Centuries before the terms Native American or Indian were created, the tribes were spread throughout the Americas. Before any white man set foot on this territory, it was settled by the forefathers of bands we now call Sioux, or Cherokee, or Iroquois.
For thousands of years, the American Indian grew its culture and legacy without disturbance. And that history is fascinating.
From Mayan and Incan ruins, from the mounds left in the central and southern regions of what’s now the U.S. we have learned quite a bit. It’s a story of beautiful arts and crafts and deep spirituality. Archaeologists have unearthed remarkably advanced structures and public works.
While there was inescapable tribal conflict, that was simply a slight blemish in the tale of our forebears. They were at peace with this beautiful continent and intensely connected to nature.
The European Settler Arrives
When European leaders sent the first ships in our direction, the plan was to discover new resources – but the quality of climate and the bounty of everything from wood to wildlife subsequently changed their tune. As those leaders heard back from their explorers, the drive to colonize spread like wildfire.
The English, French and Spanish raced to carve up the “New World” by shipping over poorly prepared colonists as fast as possible. Initially, they skirmished with the alarmed Indians of America’s eastern seaboard. But that ultimately gave way to trade, since the Europeans who came ashore here learned that their survival was doubtful without Indian help.
Thus followed decades of relative peace as the settlers got themselves established on American land. But the pressure to push inland came soon after. Kings and queens from thousands of miles away were anxious to find additional resources, and some colonists came for freedom and adventure.
They wanted more space. And so began the process of pushing the American Indian out of the way.
It took the form of cash arrangements, barter, and famously, treaties that were nearly uniformly neglected after the Indians were pushed off the land in question.
The U.S. government’s policies towards Native Americans in the second half of the nineteenth century were influenced by the desire to expand westward into areas inhabited by these Native American tribes. By the 1850s virtually all Native American tribes, roughly 360,000 in number, were living to the west of the Mississippi River. These American Indians, some from the Northwestern and Southeastern territories, were confined to Indian Territory situated in contemporary Oklahoma, while the Kiowa and Comanche Native American tribes shared the area of the Southern Plains.
The Sioux, Crows and Blackfeet dominated the Northern Plains. These Native American groups experienced misfortune as the continuous stream of European immigrants into northeastern American cities delivered a stream of immigrants into the western lands already inhabited by these diverse groups of Indians.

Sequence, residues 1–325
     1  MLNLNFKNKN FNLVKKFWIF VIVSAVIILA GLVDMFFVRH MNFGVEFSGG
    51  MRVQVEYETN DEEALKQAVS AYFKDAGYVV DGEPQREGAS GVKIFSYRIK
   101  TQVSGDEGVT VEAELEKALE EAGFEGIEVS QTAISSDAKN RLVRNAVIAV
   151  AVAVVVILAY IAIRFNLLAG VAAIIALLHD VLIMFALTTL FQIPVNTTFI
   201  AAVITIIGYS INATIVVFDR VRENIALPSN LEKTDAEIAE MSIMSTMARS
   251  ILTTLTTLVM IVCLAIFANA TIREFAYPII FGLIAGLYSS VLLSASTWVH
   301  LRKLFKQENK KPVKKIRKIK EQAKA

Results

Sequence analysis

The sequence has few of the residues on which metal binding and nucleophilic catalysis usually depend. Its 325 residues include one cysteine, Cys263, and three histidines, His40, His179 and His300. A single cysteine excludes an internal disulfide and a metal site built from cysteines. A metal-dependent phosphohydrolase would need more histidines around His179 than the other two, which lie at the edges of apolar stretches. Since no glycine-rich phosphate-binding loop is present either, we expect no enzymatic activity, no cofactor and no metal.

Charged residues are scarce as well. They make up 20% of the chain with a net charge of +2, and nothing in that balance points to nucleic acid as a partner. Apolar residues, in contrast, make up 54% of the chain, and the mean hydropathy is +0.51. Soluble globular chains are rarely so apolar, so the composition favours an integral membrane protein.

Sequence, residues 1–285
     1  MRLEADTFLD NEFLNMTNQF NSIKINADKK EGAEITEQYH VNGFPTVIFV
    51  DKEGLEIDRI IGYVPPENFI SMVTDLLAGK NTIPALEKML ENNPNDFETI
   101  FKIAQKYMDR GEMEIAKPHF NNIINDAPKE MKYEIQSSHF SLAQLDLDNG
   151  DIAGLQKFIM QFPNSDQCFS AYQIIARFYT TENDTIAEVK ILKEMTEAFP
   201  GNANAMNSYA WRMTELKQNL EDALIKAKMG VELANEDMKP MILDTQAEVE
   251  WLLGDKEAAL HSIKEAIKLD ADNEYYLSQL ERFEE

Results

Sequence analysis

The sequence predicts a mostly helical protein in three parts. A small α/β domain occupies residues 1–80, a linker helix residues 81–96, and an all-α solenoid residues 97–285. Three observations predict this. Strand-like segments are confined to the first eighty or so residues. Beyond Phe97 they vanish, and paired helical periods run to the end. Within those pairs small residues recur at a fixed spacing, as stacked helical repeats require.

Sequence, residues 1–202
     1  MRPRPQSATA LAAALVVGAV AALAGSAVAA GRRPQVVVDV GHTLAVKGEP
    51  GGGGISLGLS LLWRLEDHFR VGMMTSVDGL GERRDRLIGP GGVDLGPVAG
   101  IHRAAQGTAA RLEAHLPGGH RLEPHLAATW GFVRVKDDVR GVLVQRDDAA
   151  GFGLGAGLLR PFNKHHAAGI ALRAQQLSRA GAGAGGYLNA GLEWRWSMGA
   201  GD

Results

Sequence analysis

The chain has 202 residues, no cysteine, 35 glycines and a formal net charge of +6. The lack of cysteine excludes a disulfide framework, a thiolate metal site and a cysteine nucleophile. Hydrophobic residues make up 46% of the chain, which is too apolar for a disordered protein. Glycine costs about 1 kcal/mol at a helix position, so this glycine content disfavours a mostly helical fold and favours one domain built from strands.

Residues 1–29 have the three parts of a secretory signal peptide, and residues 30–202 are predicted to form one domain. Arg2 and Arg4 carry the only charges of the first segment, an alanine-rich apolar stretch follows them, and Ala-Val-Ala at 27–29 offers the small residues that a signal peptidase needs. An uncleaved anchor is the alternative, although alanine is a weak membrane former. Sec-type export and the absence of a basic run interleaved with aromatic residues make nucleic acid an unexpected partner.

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The early nineteenth century of the United States was marked by its continual expansion to the Mississippi River. However, due to the Gadsden purchase, that lead to U.S. control of the borderlands of southern New Mexico and Arizona along with the authority over Oregon country, Texas and California; America’s expansion did not end there. Between 1830 and 1860 the United States practically doubled the amount of acreage within its control.
These territorial gains coincided with the arrival of hordes of European and Asian immigrants who wanted to join the surge of American settlers heading west. This, combined with the discovery of gold in 1849, presented captivating possibilities for those willing to make the huge journey westward. Consequently, with the military’s protection and the U.S. government’s assistance, many settlers started establishing their homesteads in the Great Plains and other areas of the Native American group-inhabited West.
Native American Tribes
Native American Policy can be defined as the laws and procedures developed and adapted in the United States to define the relationship between Native American tribes and the federal government. When the United States initially became an independent country, it adopted the European policies towards the local peoples, but throughout two centuries the U.S. tailored its very own widely varying policies regarding the evolving perspectives and necessities of Native American oversight.
In 1824, in order to administer the U.S. government’s Native American policies, Congress created a new agency within the War Department called the Bureau of Indian Affairs, which worked directly with the U.S. Army to enforce their policies. At times the federal government recognized the Indians as self-governing, distinct political communities with different cultural identities; however, at other times the government attempted to compel the Native American tribes to give up their cultural identity, surrender their land and assimilate into the American culture.